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Sirius Arts presents: A Common Town, A Common World



Group portrait for a school production, early twentieth century, most likely St. Mary’s National School. Photograph courtesy of Coláiste Muire for School Days: Cobh & Great Island, SIRIUS, 2019

SIRIUS presents ‘A Common Town, A Common World’, a community-sourced exhibition about Cobh – and, more broadly, Great Island and County Cork – and its diaspora. ‘A Common Town, a Common World’ investigates the relationship between social history and visual culture in Cobh, and features a sprawling, encyclopaedic selection of objects and images brought together through a series of workshops and open calls.

‘A Common Town, a Common World’ includes drawings, ceramics, photographs, films, artefacts, records and ephemera from individuals and organisations (institutional and family archives, heritage venues and groups, community groups, makers). These objects and images speak to the identity and memory of the locale and its links to the globe, simultaneously offering a diverse and inclusive picture of creativity in the region and beyond.

The display is dynamic, changing over the course of the presentation with additional new contributions, giving everyone the opportunity to question, revise and add to the project as the narrative grows. The interpretation of the exhibited material is co-produced by the team at SIRIUS and the contributors to reflect not only the perspective of the institution, as is conventional, but also the thoughts and sentiments of the people, thus combining ‘official’ description and analysis with personal views

For the first phase of the project, taking place between November 2020 and January 2021, SIRIUS is installing a representative selection of material from past exhibitions relating to Cobh, Great Island and Cork Harbour, more specifically personal and shared stories of residents and those who were just passing through in one way or another. This display includes items from the exhibitions School Days: Cobh & Great Island (2019); Spike Island: People and Place, 1847-1883 (2018); Portraits: Women of Cork and the U.S. Navy, 1917-1919 (2017); Notes on the Lusitania (2015); and Leaving Home (2012).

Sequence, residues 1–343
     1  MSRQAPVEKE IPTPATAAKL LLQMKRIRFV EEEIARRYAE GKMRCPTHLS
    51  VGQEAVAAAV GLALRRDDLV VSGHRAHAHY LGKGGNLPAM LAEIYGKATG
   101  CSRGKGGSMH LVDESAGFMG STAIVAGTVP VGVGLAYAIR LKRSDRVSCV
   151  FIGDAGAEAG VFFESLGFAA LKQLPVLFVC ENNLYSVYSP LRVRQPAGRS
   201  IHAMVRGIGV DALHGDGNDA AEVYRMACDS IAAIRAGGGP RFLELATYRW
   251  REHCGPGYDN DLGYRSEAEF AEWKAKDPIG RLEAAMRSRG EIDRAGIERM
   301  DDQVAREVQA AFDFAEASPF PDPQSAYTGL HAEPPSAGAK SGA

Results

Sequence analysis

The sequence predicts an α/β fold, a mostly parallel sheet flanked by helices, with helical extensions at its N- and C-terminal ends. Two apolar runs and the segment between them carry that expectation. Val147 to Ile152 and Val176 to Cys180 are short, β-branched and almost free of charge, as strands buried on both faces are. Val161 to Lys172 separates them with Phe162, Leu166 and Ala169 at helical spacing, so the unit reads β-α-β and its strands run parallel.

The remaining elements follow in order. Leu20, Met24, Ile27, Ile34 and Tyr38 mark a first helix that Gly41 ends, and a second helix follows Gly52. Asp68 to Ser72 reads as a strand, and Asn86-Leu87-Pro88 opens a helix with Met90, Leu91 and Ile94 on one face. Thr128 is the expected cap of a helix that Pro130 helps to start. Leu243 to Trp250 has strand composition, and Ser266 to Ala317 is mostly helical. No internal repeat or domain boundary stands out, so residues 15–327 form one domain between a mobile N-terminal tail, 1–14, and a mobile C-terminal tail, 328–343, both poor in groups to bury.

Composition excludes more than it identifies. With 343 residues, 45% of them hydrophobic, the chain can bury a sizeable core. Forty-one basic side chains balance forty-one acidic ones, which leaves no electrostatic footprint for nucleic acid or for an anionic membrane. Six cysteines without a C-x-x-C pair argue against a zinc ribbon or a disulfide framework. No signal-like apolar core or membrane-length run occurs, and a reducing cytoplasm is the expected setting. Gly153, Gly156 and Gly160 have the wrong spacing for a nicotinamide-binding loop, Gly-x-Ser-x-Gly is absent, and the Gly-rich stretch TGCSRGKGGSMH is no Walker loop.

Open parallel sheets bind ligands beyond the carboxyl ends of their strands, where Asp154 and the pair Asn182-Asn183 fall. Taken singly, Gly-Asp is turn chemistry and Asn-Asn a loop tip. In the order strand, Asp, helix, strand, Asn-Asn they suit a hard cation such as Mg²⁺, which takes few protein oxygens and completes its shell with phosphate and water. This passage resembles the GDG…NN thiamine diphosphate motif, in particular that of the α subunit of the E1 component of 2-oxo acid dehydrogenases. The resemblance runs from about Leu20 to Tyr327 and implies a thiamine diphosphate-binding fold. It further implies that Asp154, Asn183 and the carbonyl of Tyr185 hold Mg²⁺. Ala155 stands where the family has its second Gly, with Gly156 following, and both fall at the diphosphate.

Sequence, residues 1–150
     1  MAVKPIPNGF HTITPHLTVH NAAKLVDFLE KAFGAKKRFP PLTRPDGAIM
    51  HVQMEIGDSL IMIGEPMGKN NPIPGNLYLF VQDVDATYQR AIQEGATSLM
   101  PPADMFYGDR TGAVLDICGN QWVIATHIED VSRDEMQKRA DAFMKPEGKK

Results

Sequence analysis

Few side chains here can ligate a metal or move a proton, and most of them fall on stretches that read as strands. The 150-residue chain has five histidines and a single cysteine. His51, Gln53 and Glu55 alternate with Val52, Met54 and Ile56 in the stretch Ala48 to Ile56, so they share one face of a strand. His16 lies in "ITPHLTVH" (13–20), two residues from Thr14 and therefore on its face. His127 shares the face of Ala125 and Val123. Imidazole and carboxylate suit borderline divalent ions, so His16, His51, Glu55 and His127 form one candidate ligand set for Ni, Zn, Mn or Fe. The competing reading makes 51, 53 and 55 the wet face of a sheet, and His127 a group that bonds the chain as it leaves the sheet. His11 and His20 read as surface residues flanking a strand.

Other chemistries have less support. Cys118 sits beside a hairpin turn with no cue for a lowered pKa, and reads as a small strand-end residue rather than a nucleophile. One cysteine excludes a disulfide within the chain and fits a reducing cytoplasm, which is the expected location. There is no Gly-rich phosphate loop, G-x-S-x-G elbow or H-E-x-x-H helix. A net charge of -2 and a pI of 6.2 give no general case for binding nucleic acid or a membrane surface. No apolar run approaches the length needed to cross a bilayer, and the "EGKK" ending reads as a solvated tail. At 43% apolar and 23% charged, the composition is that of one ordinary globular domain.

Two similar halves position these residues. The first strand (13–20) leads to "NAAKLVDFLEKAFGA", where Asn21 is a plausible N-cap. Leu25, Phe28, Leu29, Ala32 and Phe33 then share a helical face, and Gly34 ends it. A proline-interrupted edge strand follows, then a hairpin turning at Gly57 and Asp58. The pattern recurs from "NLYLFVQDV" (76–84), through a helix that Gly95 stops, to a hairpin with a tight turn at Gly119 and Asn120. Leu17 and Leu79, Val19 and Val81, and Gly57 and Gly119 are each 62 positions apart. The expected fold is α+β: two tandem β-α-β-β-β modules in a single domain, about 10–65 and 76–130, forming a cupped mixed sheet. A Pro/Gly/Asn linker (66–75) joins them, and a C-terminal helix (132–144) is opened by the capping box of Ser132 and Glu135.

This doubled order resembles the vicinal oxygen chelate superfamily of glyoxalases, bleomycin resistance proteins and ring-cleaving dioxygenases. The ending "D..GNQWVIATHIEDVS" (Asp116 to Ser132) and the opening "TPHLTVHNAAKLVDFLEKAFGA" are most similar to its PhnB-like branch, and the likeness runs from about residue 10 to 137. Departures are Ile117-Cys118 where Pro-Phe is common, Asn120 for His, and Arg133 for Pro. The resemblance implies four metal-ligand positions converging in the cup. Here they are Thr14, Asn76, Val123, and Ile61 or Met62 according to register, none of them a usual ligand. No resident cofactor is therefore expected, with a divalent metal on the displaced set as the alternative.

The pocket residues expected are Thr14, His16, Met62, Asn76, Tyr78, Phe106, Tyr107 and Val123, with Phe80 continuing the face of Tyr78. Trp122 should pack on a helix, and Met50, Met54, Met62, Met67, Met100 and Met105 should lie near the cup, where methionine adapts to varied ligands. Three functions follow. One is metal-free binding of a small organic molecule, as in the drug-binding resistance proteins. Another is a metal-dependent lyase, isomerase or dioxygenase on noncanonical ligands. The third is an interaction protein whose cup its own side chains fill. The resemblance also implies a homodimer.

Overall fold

We would like to hear from you. Email with any thoughts or ideas you may have about how you might to contribute to this project. Alternatively, you can pay us a visit or phone us on 0214813790 between Wednesday and Saturday, from 11am to 4pm, and leave your name and contact details with us.
What objects or images in your own belongings reflect where you are from? Are these items of personal significance or of broader significance in terms of the history or identity of the area? What is your connection to the area? Are you from Cobh? Did you move away? Do you live in Cobh? Do you have family abroad? Why did they move? What does it mean to be a local? How local are you? Are you a ‘blow-in’? What is the demographic of Cobh? How has it changed?
We are also interested in receiving material and information relating to our own building’s existence as the Royal Cork Yacht Club (1854 – 1966) and its subsequent usage by University College Cork and Cobh Technical School.

SIRIUS is developing a civic agenda aiming to reconnect art with a social function and responsibility. This enables the reimagining of the institution’s mission in relation to societal matters, as a means to contribute to community development. This also facilitates the aligning of the programme with societal questions, connecting content with people’s interests, expectations, concerns and aspirations.
Projects with a community focus have been organised by SIRIUS in recent years (e.g. This Must Be the PlaceSee You Tomorrow), and these enabled the establishment of regular conversations with the residents of Cobh that is facilitating the research and delivery of ‘A Common Town, a Common World’.
‘A Common Town, a Common World’ takes place between 14 November 2020 and 30 January 2021. New opening hours: Wednesday – Saturday, 11.00 – 16.00.
‘A Common Town, a Common World’ is supported by the Department of Culture, Heritage, and the Gaeltacht through the Regional Museum Exhibitions scheme as well as by Cork County Council through the Creative Ireland programme.
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